The Wallace Industry

Pretty sober, fair take on some recent books to come out of the literary estate of David Foster Wallace. Once heard someone in conversation refer to Every Love Story Is a Ghost Story as the Us Weekly of DFW biographies. Sounded about right to me.

It is interesting, plus a little scary, to see what the details in Ghost Story ultimately orbit, if not Wallace’s character. Max intimates this at one point: “Now Wallace was wondering whether he hadn’t become a literary statue, ‘the version of myself’ as he wrote a friend at the time, ‘that I want others to mistake for the real me.’ The statue was ‘a Mask, a Public Self, False Self or Object-Cathect.’”

At times, Ghost Story makes exactly this mistake, confusing the statue of Wallace for Wallace himself. The former is after all much easier to describe. A literary icon is an idealized, essentially inhuman thing —“to make someone an icon is to make him an abstraction . . . incapable of vital communication with living people,” Wallace wrote. And it is this icon—this statue—that Max describes when he resorts to apotheosis and caricature. Hence all of the references to Wallace’s “brilliant mind,” his notoriously crippling self-consciousness, his “A-plus” grades, his “real religion” as language, his footnoted tattoo, his veiled computer as a “site of a sacral mystery,” his bandana. No biographer would deny these details, even if they are the bywords and platitudes of Wallace’s literary deification. Yet if they are not buttressed by vibrant and psychologically sound characterization, then all that’s all they are.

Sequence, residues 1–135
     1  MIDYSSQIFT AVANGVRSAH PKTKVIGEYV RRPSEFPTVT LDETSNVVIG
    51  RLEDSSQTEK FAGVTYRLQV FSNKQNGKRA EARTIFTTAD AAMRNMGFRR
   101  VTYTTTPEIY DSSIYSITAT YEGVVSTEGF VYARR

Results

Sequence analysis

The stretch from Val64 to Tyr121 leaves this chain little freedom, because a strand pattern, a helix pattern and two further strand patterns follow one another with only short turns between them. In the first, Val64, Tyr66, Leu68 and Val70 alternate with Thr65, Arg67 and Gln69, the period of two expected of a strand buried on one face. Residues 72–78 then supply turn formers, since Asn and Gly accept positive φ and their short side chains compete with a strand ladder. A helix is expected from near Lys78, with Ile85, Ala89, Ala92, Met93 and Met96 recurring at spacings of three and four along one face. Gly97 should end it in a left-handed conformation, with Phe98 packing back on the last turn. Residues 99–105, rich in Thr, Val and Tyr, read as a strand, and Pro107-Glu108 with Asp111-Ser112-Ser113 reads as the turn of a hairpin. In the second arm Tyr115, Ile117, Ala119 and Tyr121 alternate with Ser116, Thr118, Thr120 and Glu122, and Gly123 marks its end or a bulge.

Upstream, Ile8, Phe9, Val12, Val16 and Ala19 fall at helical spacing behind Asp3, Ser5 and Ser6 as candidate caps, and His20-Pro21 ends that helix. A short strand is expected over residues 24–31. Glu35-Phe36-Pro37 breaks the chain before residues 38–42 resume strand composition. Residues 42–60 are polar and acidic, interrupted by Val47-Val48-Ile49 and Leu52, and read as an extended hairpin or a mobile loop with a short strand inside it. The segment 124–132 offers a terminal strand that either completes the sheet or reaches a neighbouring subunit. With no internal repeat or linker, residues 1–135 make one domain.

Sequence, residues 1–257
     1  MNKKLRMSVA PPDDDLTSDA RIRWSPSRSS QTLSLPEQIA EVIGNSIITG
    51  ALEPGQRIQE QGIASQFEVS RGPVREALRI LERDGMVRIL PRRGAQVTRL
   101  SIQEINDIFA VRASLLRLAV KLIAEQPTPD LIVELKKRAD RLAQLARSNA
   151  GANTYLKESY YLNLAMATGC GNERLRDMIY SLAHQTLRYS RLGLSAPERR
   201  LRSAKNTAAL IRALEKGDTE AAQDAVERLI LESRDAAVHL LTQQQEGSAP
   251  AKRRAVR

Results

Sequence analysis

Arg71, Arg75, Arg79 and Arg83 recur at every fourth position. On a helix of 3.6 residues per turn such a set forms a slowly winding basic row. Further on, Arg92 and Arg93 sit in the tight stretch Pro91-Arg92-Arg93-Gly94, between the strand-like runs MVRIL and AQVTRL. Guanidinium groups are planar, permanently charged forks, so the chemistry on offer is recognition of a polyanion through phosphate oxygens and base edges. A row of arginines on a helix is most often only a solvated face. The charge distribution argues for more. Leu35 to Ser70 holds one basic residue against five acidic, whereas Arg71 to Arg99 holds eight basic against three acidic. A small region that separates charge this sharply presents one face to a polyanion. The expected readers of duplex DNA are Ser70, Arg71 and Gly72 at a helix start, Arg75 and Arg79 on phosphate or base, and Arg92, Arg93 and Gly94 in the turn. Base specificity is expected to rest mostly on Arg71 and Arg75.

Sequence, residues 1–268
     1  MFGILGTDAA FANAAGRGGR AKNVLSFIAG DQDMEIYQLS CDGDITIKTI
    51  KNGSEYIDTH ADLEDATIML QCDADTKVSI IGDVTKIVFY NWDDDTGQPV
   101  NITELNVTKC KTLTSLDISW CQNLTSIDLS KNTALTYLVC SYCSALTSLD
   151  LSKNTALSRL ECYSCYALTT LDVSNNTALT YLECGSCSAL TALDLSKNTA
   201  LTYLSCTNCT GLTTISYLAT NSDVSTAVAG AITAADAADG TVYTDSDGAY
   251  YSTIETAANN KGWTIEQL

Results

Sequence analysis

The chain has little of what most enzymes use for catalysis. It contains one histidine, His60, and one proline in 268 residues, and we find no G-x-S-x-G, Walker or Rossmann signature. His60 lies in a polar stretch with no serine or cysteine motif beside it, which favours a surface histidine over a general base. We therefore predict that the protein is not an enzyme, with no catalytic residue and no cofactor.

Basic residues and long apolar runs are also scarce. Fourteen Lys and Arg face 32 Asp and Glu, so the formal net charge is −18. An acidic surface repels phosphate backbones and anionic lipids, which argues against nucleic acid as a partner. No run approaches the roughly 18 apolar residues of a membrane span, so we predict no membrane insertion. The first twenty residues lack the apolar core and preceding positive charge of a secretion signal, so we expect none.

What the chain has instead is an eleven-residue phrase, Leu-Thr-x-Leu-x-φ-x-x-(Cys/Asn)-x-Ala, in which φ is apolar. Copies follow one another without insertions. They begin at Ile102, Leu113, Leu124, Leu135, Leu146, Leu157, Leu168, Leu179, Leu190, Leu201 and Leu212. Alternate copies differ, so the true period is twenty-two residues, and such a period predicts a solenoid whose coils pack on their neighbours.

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While this piece may be sober, it is in no way fair, Scott. In fact it’s full of misrepresentations and inaccuracies. I’ve posted a rejoinder comment at the bottom of the review.

Several years after DFW’s death, I was finally able to write this incredibly moving and heartfelt summation of my thoughts:


The Surrender is Veronica Scott Esposito’s “collection of facts” concerning how she embraced her true gender.


Two long essays of 10,000 words each on sex in—and out of—literature . . .

The first essay dives in to Nicholson Baker’s “sex trilogy,” explaining just what Baker is up to here and why these books ultimately fail to be as sexy as Baker might wish.

From there the book moves on to the second essay, which explains just why Spaniard Javier Marías does right what Baker does wrong . . .


5 essays. 2 interviews.

All in all, over 25,000 words of Latin American literary goodness.

3 never-before-published essays, including “The Digression”—a 4,000-word piece on the most important digression in César Aira’s career.

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